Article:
Cities are devoting significant resources to prepare for an ever-growing list of disasters. In recent years, that has meant developing resilience and climate plans and deploying new technologies to better respond to the increasing frequency and severity of extreme weather. Indeed, according to the National Oceanic and Atmospheric Administration (NOAA), the past three years have seen an average of 20 floods, tornados, winter storms and other extreme weather events causing at least $1 billion in damage each year.
It makes sense for cities to harden their power grids, municipal buildings and other infrastructure to withstand the disruptions of extreme weather. But it’s also essential to be prepared to respond to both damaging storms and the everyday natural and manmade emergencies public safety officials are charged with handling. Core to the mission of police, fire and other first responders is communication, both with dispatchers and between departments and across city and county governments.
Ensuring reliable communications can be challenging for reasons that go beyond the complex scenarios 911 and other public safety dispatchers need to help first responders navigate. For instance, most municipalities are challenged by constrained budgets. This often requires continuing reliance on legacy communications systems that don’t have the versatility and functionality dispatchers need.
Other public safety agencies struggle to communicate efficiently with sprawling networks of city and county governments that need to coordinate their responses to emergencies. The growing threat of extreme weather – where floods, hurricanes, tornados and other severe storms can destroy command center buildings or prevent employees from getting to work – demand communications solutions that are resilient and ensure continuous operations.
The central role of a configurable, reliable and scalable dispatch console
Addressing these and other challenges is only possible when public safety officials have a dispatch console that is configurable, scalable and reliable. For example, one of the hesitations that may prevent public safety agencies from updating an outdated console is concern that dispatchers will resist embracing a new user interface, even if the underlying communication system is far superior to what is in place.
“Because this is mission critical communication, dispatchers have to move fast,” said Mandy Martin Griffin, a sales manager for Avtec, the maker of the Avtec Scout™ dispatch console that is used by hundreds of public safety agencies across the country. Combine the imperative to move fast with inadequate training time to master a new solution and it is understandable why dispatchers may be leery of any change.
Avtec Scout offers a pathway for dispatchers to continue working with the user interface they already know while also benefiting from an advanced Internet protocol (IP) console that is able to consolidate radio, telephony and broadband/LTE into a single communications solution. “We can completely customize the screen and the user interface (UI) to be anything a customer wants. So, a lot of time people will buy our product and replace their old legacy consoles and then make the screen look exactly like the old legacy console,” Griffin said. “That way, there’s no transition, there’s no training time. The capability is much higher grade, and the features are different on the backend. Then you can slowly migrate new technology into the console as the dispatcher feels more comfortable.”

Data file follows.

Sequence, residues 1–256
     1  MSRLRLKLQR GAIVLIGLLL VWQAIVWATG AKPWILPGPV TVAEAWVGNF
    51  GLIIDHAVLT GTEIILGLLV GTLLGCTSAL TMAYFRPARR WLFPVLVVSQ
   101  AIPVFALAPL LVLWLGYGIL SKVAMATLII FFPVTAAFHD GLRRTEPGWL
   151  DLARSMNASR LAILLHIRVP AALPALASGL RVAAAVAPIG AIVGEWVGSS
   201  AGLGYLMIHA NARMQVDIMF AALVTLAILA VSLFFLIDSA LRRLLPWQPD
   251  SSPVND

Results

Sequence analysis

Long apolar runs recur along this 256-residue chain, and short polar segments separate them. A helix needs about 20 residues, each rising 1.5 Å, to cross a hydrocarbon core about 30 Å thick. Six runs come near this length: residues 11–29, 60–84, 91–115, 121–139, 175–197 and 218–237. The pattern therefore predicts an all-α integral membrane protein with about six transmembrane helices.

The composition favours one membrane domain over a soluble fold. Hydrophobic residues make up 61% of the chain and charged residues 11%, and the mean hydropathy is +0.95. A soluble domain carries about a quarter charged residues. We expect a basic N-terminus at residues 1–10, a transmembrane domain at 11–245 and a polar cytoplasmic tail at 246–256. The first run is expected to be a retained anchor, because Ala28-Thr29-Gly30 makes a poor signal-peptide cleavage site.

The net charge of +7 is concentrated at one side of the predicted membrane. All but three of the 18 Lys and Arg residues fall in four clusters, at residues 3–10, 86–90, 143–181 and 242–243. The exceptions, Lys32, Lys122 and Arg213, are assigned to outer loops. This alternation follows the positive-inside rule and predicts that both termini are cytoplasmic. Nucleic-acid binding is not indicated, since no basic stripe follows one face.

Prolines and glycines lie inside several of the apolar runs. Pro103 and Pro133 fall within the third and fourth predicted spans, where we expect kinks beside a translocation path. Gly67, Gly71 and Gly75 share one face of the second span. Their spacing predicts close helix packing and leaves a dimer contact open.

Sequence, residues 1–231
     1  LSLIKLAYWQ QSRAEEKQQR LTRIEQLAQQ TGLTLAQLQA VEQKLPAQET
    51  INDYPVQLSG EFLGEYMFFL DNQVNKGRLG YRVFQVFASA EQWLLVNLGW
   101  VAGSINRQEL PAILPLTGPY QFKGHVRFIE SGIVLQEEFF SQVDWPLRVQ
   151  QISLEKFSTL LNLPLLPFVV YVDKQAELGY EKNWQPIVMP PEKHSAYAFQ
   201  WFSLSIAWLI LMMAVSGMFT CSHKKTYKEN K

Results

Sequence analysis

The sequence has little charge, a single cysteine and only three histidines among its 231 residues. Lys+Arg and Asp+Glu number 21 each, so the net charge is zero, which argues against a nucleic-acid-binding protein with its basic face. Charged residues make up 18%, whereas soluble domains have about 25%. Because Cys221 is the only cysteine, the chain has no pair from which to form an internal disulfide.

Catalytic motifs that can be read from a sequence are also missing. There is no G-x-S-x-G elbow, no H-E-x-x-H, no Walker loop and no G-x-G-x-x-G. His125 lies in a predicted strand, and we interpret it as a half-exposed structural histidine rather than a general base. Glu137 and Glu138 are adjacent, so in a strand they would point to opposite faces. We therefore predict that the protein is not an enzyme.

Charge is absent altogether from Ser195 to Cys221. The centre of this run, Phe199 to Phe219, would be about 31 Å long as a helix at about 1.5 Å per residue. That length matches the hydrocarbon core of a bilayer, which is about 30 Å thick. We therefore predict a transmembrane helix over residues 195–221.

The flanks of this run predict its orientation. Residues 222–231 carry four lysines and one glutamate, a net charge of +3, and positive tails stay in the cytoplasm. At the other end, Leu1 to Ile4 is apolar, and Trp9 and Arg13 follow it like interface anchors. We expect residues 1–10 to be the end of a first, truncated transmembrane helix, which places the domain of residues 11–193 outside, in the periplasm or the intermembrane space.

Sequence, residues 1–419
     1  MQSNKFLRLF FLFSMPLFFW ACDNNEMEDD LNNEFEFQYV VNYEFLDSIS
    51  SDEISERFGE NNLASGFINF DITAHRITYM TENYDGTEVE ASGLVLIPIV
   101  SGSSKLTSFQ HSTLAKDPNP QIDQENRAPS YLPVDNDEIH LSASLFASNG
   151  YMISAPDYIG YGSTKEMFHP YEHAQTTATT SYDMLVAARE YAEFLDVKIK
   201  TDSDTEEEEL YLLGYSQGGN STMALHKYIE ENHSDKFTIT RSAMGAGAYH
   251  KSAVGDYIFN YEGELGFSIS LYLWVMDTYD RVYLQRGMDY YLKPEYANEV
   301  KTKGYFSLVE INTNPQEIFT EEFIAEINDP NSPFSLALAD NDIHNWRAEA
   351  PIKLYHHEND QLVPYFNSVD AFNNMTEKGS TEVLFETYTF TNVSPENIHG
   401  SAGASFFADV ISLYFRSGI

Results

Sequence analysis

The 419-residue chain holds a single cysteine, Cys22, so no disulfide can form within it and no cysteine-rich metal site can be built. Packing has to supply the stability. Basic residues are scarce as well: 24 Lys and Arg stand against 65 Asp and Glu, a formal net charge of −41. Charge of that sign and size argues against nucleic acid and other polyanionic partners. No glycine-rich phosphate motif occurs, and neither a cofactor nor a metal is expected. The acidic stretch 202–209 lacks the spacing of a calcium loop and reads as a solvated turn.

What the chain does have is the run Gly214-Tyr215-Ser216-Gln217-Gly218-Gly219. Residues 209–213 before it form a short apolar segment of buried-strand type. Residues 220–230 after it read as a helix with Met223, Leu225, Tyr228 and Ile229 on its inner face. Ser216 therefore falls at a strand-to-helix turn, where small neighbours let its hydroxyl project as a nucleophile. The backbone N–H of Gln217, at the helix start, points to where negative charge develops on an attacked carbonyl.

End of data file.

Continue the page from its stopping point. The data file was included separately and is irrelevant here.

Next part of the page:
Always - on communication, the ability to collaborate and a future-proof solution
The benefits of deploying a console built on an advanced software platform has benefits that go well beyond a customizable screen. The reality of natural disasters is that the critical work of dispatchers may need to be done outside of a traditional command center. “If there was a natural disaster and your building gets wiped out in a hurricane, you can pick up your license, open it on a laptop computer and dispatch remotely from your house or from a car,” Griffin said. Continuous operations are also ensured because if one of the servers supporting Avtec Scout goes down, the system automatically switches to the backup server.
Collaboration between public safety agencies and across city and county governments is increasingly important. A big challenge with coordinating emergency responses is the mix of communication technologies and systems that municipalities have in place, some of which are cutting-edge while others are analog. Taming this complexity requires an interoperable communication system, which is exactly what Avtec Scout provides. “We can mix and match any system,” Griffin said. “When we dispatch, it can be to any radio brand, it can be to any phone line and it can be from any manufacturer. That capability can be very powerful when you have different cities and counties working together.”
What’s also important for public safety agencies is the flexibility to evolve their communications systems to account for available budgets and technology advances. For instance, one version of Avtec Scout manages four audio streams and eight channels; another handles eight audio streams and an equal number of channels; and another empowers dispatchers to monitor 50 audio streams and 2,000 channels. “If you know you’re going to have the budget to add positions later, you can upgrade easily,” Griffin said. “It’s all the same IP code base, you just pay for the additional software licenses and upgrade.”
The challenge and complexity involved with effectively responding to disasters and emergencies is likely to only increase. Even as the challenge increases, one ingredient of an effective response remains the same. Resilient, user-friendly and flexible communications will always be the foundation of the kind of robust response that keeps people and communities safe.